1. ^ Some communities use "dj", others use "j".
  2. ^ Some communities use "tc", others use "tch" or "ch".
  3. ^ Some communities use "j", others use "zh".
  4. ^ Some communities use "c", others use "ch" or "sh".
  5. ^ Some communities and older documents use ȣ (or its substitute, 8).

Aspiration and allophony

The Algonquin consonants p, t and k are unaspirated when they are pronounced between two vowels or after an m or n; plain voiceless and voiceless aspirated stops in Algonquin are thus allophones. So kìjig ("day") is pronounced [kʰiːʒɪɡ], but anokì kìjig ("working day") is pronounced [ʌnokiː kiːʒɪɡ].[4]




  • aw [aw]
  • ay [aj]
  • ew [ew]
  • ey [ej]
  • iw [ew]
  • ow [ow]

Nasal vowels

Algonquin does have nasal vowels, but they are allophonic variants (similar to how in English vowels are sometimes nasalized before m and n). In Algonquin, vowels automatically become nasal before nd, ng, nj or nz. For example, kìgònz ("fish") is pronounced [kiːɡõːz], not [kʰiːɡoːnz].[4]


Word stress in Algonquin is complex but regular. Words are divided into iambic feet (an iambic foot being a sequence of one "weak" syllable plus one "strong" syllable), counting long vowels (à, è, ì, ò) as a full foot (a foot consisting of a single "strong" syllable). The primary stress is then normally on the strong syllable of the third foot from the end of the word—which, in words that are five syllables long or less, usually translates in practical terms to the first syllable (if it has a long vowel) or the second syllable (if it doesn't). The strong syllables of the remaining iambic feet each carry secondary stress, as do any final weak syllables. For example: /ni.ˈbi/, /ˈsiː.ˌbi/, /mi.ˈki.ˌzi/, /ˈnaː.no.ˌmi.da.ˌna/.[4]

See also


  1. ^ Canada, Government of Canada, Statistics. "Language Highlight Tables, 2016 Census - Aboriginal mother tongue, Aboriginal language spoken most often at home and Other Aboriginal language(s) spoken regularly at home for the population excluding institutional residents of Canada, provinces and territories, 2016 Census – 100% Data". www12.statcan.gc.ca. Retrieved 2017-11-17.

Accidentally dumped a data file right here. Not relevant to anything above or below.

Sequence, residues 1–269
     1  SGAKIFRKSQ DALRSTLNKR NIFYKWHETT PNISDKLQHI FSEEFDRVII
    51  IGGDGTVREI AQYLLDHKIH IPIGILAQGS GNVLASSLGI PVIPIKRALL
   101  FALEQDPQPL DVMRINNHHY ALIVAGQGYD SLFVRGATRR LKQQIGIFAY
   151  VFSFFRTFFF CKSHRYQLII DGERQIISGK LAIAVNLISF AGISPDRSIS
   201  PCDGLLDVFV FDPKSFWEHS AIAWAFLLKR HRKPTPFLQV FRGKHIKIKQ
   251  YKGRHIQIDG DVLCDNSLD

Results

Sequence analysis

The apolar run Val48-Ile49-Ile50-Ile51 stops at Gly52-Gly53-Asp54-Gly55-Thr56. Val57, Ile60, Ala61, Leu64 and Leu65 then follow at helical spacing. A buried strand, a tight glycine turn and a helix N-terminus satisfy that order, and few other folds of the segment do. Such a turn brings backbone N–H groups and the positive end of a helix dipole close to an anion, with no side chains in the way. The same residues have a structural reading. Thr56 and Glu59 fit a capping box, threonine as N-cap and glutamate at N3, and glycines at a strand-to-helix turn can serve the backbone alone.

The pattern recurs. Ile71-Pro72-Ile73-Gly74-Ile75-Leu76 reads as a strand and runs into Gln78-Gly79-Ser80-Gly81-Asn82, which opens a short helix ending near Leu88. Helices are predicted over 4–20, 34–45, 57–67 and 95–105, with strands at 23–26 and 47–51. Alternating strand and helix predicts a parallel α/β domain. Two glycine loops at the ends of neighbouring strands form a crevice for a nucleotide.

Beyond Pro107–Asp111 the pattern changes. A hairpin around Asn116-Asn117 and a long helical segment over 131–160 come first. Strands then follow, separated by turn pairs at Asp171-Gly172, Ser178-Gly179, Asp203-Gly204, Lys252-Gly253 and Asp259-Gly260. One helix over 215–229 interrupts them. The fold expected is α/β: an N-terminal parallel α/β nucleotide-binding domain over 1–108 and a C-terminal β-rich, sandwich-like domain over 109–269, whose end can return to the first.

2. ^ Hammarström, Harald; Forkel, Robert; Haspelmath, Martin, eds. (2017). "Algonquin". Glottolog 3.0. Jena, Germany: Max Planck Institute for the Science of Human History. 
  3. ^ Statistics Canada, 2006 .
  4. ^ a b c Redish, Laura; Lewis, Orrin. "Algonquin Pronunciation and Spelling Guide". Algonquin. Native-languages.org. Archived from the original on 20 September 2007. Retrieved 2007-08-28. 
  5. ^ Artuso, Christian (1998). Generational Difference in Algonquin. Winnipeg: The University of Manitoba Press. 

Further reading

  • Artuso, Christian. 1998. noogom gaa-izhi-anishinaabemonaaniwag: Generational Difference in Algonquin. Winnipeg: The University of Manitoba Press.
  • Costa, David J.; Wolfart, H.C., ed. (2005). "The St-Jérôme Dictionary of Miami-Illinois" (PDF). Papers of the 36th Algonquian Conference. Winnipeg: University of Manitoba. pp. 107–133. Archived from the original (pdf) on July 27, 2011. Retrieved March 7, 2012. 
  • Cuoq, Jean André. 1866. Études philologiques sur quelques langues sauvages de l'Amérique. Montréal: Dawson.
  • Cuoq, Jean André. 1886. Lexique de la Langue Algonquine. Montréal: J. Chapleau & Fils.
  • Cuoq, Jean André. 1891? Grammaire de la Langue Algonquine. [S.l.: s.n.]
  • Marianne Mithun. 1999. The Languages of Native North America. Cambridge Language Surveys. Cambridge: Cambridge University Press.
  • Masthay, Carl, editor. Kaskasia Illinois-to-French Dictionary. St. Louis, Missouri: Carl Masthay. p. 757. ISBN 0-9719113-04. 
  • Mcgregor, Ernest. 1994. Algonquin Lexicon. Maniwaki, QC: Kitigan Zibi Education Council.

External links